A large change in the shape or structure of an animal that happens as the animal grows. In insects, "incomplete metamorphosis" is when young animals are similar to adults and change gradually into the adult form, and "complete metamorphosis" is when there is a profound change between larval and adult forms. Butterflies have complete metamorphosis, grasshoppers have incomplete metamorphosis.
having the capacity to move from one place to another.
the area in which the animal is naturally found, the region in which it is endemic.
an animal that mainly eats all kinds of things, including plants and animals
reproduction in which eggs are released by the female; development of offspring occurs outside the mother's body.
an organism that obtains nutrients from other organisms in a harmful way that doesn't cause immediate death
remains in the same area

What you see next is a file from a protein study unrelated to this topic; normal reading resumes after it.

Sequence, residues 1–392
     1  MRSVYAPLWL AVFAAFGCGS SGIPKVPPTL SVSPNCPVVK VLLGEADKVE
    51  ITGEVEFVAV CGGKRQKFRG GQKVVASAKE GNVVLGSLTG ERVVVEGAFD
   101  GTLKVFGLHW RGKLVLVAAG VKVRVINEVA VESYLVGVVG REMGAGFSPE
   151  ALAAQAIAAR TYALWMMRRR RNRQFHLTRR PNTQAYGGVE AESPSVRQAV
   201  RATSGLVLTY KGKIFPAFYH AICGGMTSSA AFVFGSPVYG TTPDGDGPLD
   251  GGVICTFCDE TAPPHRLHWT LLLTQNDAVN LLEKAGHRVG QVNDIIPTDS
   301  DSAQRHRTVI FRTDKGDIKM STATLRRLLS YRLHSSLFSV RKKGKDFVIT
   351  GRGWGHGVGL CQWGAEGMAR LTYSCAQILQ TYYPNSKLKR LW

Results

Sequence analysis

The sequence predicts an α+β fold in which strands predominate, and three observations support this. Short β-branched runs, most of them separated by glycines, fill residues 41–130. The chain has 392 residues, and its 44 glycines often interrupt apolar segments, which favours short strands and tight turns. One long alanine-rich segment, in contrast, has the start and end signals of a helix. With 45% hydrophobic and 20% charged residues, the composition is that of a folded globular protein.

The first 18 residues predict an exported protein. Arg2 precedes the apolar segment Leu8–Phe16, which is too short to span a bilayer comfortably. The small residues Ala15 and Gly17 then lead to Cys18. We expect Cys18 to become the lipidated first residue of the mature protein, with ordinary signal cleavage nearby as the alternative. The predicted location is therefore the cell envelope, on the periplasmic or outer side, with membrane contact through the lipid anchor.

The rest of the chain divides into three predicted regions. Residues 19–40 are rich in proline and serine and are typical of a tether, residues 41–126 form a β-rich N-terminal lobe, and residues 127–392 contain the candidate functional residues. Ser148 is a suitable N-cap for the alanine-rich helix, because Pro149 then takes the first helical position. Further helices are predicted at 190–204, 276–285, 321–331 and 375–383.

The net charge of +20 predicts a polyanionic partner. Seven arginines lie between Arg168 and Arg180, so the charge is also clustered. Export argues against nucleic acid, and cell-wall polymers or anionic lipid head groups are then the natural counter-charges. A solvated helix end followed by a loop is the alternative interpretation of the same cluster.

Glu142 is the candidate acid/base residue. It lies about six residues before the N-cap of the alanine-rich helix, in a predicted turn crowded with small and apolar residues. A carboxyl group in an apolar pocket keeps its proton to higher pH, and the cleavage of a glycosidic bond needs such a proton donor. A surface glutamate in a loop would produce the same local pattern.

reproduction that includes combining the genetic contribution of two individuals, a male and a female
mature spermatozoa are stored by females following copulation. Male sperm storage also occurs, as sperm are retained in the male epididymes (in mammals) for a period that can, in some cases, extend over several weeks or more, but here we use the term to refer only to sperm storage by females.
Living on the ground.
the region of the earth that surrounds the equator, from 23.5 degrees north to 23.5 degrees south.
an animal which has an organ capable of injecting a poisonous substance into a wound (for example, scorpions, jellyfish, and rattlesnakes).
Carpenter, F. 1997. Pp. 231-239 in McGraw-Hill Encyclopedia of Science and Technology, Vol. 9, 8th Edition. The Lakeside Press: R.R. Donnelley and Sons Company.
Fisher, R. 1984. Evolution and host specificity: a study of the invasion success of a specialized bumblebee social parasite. Canadian Journal of Zoology, 62: 1641-1644.
Fisher, R. 1987. Queen-worker conflict and social parasitism in bumble bees (Hymenoptera:Apidae). Animal Behaviour, 35: 1026-1036.
Fisher, R., B. Sampson. 1992. Morphological Specializations of the Bumble Bee Social Parasite Psithyrus ashtoni (Cresson) (Hymenoptera: Apidae). Canadian Entomologist, 124: 69-77.
Krombein, K. 1997. Pp. 704-713 in McGraw-Hill Encyclopedia of Science and Technology, Vol. 8, 8th Edition. The Lakeside Press: R.R. Donnelley and Sons Company.